Close modal

For a complex system, most notably a system described in coordinate space, or a system driven by a time-dependent external force, it is easier to solve the equations of motion with a finite number of the elements K by adopting one of the following truncation schemes. The first of these is the time-nonlocal scheme utilizing the asymptotic relation among the higher-order hierarchy members: As can be seen from Eq. (10), we have ĜK[s] ≈ (K + 1)/[s + (K + 1)γ] for (K + 1)γω0, where ω0 is the characteristic frequency of the system.42,89,90,124 The second is the time-local scheme ignoring the higher-order equations of motion with higher Matsubara frequency terms, while a renormalization operator is introduced to take into account the effects of the cutoff.88 

The truncated HEOM can be evaluated with the desired accuracy by depicting the asymptotic behavior of the hierarchical elements for different K and using this to determine whether or not there are sufficiently many members in the hierarchy. Essentially, the error introduced by the truncation becomes negligibly small when K is sufficiently large.

Here, we illustrate their hybrid truncation scheme for the quantum Fokker–Planck equation (QFPE).44 In this scheme, we set the number of Matsubara frequencies to be included in the calculation as K, which is chosen to satisfy Kω0/ν1. The upper limit for the number of hierarchy members for given γ is chosen to be Kγ ≡int(1/γ) for ν1 > γ and KγK for ν1γ. Then, for the case k=1Kjk>K, we truncate the hierarchical equations by replacing Eq. (8) with

tWj1,,jK(n)(p,q;t)=(L^QM+Ξ^)Wj1,,jK(n)(p,q;t),
(11)

while, for the case n = Kγ, we employ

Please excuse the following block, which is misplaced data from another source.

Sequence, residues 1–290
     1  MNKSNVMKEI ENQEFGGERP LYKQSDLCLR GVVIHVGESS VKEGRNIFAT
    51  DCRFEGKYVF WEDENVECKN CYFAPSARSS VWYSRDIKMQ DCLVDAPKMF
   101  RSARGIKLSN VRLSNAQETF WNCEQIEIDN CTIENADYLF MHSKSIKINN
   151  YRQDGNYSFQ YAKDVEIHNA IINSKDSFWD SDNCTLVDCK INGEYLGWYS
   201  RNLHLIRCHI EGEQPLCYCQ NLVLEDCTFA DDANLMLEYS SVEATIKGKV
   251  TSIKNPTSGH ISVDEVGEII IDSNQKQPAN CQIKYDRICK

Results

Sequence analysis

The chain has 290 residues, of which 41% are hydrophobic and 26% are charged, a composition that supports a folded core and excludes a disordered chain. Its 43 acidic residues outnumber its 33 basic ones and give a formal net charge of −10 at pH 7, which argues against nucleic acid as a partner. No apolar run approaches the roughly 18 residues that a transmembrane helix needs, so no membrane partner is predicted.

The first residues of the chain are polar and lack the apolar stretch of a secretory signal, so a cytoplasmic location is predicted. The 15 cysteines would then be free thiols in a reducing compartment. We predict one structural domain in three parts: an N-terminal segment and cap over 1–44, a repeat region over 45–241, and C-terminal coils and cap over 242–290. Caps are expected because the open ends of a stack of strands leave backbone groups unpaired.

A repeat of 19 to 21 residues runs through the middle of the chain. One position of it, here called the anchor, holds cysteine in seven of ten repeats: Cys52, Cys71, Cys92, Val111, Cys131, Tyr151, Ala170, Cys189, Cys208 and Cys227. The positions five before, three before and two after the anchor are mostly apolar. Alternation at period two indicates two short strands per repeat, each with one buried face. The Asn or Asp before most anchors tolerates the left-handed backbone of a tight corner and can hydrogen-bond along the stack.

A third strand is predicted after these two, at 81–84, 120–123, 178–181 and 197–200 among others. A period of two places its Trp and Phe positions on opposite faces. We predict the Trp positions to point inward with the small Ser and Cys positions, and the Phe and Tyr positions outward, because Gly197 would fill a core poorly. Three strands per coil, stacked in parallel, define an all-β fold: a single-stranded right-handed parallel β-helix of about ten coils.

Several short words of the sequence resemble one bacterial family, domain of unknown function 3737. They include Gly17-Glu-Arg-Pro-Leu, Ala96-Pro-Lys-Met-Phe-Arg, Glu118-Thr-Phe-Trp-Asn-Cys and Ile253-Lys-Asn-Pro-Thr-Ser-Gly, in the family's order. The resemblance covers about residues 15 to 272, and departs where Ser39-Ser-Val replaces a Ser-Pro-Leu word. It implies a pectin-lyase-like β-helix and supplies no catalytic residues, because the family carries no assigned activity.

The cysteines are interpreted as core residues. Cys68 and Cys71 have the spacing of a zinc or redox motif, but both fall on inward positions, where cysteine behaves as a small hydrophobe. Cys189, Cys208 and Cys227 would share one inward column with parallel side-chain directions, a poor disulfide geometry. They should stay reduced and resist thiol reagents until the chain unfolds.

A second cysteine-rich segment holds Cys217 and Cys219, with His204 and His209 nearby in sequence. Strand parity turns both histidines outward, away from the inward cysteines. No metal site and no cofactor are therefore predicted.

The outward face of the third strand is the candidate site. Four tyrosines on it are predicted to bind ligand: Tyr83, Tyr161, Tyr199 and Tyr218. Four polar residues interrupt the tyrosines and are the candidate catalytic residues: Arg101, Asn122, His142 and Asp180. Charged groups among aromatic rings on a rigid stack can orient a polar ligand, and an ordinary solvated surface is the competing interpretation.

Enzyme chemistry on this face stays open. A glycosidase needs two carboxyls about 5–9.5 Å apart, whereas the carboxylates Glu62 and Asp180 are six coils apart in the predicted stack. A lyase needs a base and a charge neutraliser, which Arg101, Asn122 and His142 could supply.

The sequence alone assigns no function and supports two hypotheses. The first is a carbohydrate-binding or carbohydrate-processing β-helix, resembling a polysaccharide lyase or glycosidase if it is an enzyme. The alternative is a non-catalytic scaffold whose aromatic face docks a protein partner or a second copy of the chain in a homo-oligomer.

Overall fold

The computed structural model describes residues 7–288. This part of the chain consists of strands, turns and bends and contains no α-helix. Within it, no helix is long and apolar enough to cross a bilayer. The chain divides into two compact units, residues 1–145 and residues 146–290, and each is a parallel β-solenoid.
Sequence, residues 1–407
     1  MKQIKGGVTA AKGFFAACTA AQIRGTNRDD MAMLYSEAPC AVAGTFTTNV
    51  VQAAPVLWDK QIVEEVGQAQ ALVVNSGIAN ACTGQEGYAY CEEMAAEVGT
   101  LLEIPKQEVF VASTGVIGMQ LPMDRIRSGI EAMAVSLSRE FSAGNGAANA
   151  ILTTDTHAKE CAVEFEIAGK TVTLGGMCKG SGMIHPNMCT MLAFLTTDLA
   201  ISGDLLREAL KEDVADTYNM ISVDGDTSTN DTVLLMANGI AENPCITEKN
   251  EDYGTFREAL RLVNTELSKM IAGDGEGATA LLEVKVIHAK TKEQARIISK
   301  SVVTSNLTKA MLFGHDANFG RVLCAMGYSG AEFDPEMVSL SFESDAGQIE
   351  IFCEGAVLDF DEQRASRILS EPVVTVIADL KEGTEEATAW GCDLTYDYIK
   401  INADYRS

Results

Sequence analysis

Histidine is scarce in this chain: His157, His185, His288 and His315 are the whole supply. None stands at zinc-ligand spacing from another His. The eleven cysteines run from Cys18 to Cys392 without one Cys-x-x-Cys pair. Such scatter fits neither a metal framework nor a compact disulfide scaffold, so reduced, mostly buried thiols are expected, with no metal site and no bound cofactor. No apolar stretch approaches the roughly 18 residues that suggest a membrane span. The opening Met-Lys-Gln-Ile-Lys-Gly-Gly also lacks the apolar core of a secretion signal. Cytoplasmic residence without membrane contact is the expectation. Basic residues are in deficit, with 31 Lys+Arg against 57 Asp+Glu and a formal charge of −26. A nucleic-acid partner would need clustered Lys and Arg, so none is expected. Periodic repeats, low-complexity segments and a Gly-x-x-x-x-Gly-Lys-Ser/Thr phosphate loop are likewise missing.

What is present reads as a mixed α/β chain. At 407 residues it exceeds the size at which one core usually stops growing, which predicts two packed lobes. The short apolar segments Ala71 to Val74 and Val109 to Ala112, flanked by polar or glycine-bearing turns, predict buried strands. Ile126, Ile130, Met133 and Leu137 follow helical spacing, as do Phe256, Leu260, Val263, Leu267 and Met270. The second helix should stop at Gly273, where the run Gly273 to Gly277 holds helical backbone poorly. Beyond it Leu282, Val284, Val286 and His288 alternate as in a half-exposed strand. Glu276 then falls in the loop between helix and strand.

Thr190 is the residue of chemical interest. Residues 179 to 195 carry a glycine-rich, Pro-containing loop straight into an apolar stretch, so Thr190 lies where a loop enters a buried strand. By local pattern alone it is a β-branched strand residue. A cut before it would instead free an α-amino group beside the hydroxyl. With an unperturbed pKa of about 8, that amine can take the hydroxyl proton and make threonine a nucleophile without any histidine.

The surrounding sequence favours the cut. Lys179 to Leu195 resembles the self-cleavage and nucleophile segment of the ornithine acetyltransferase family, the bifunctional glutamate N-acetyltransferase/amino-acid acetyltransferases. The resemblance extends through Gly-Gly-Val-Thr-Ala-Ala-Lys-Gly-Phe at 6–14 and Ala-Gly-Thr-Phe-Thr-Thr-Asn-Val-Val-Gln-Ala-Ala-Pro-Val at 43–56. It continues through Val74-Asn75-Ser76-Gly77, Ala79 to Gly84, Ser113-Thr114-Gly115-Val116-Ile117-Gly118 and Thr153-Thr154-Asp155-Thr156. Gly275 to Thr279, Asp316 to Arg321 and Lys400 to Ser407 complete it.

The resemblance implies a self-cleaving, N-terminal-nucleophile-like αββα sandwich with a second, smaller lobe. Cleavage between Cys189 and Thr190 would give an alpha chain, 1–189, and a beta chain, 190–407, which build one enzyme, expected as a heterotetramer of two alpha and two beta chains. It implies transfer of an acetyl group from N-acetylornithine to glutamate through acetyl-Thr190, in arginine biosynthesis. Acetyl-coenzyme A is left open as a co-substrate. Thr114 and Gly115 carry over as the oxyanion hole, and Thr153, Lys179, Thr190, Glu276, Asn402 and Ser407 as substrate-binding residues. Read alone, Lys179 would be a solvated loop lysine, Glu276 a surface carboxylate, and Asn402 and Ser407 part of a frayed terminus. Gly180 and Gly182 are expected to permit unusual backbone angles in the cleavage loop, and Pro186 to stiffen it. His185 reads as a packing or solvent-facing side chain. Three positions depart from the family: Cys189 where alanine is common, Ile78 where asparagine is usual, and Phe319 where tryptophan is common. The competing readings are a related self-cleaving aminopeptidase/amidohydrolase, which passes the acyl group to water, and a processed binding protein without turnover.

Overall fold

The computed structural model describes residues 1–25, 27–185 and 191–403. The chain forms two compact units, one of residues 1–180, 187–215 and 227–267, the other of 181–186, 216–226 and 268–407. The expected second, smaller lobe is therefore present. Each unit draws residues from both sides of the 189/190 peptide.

tW0,,0(Kγ)(p,q;t)=(L^QM+KγγΦ^Θ¯^0+Ξ^)W0,,0(Kγ)(p,q;t)KγγΘ¯^0W0,,0(Kγ1)(p,q;t),
(12)

where

Ξ^mζβk=K+1ck2γ2γ2νk22p2

is the renormalization operator in the Wigner representation. The time-local scheme corresponds to Eq. (11) and the time-nonlocal scheme to Eq. (12). We can then evaluate Wj1,,jK(n)(p,q;t) through numerical integration of the above equations. In the Markovian limit γ, which is taken after the high-temperature limit, yielding the condition βℏγ ≪ 1, we have the QFPE116,117

tW(0)(p,q;t)=L^QMW(0)(p,q;t)+ζpp+mβpW(0)(p,q;t),
(13)

which is identical to the quantum master equation without the RWA.42 Because we assume that the relation βℏγ ≪ 1 is maintained while taking the limit γ, this equation cannot be applied to low-temperature systems in which quantum effects play a major role. As in the case of the master equation without the RWA, the positivity of the population distribution P(q) = ∫dpW(p, q; t) cannot be maintained if we apply this equation in the low-temperature case. To overcome this limitation, we must include low-temperature correction terms to obtain the low-temperature-corrected QFPE (LT-QFPE).125